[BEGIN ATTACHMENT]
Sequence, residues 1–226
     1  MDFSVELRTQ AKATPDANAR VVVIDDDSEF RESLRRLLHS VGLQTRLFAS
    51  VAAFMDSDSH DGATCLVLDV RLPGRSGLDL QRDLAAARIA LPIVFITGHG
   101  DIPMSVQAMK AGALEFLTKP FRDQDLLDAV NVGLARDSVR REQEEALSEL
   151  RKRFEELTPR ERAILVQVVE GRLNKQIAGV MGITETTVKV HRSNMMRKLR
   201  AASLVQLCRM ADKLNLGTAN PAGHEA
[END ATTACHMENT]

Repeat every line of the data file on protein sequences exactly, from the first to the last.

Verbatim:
Sequence, residues 1–226
     1  MDFSVELRTQ AKATPDANAR VVVIDDDSEF RESLRRLLHS VGLQTRLFAS
    51  VAAFMDSDSH DGATCLVLDV RLPGRSGLDL QRDLAAARIA LPIVFITGHG
   101  DIPMSVQAMK AGALEFLTKP FRDQDLLDAV NVGLARDSVR REQEEALSEL
   151  RKRFEELTPR ERAILVQVVE GRLNKQIAGV MGITETTVKV HRSNMMRKLR
   201  AASLVQLCRM ADKLNLGTAN PAGHEA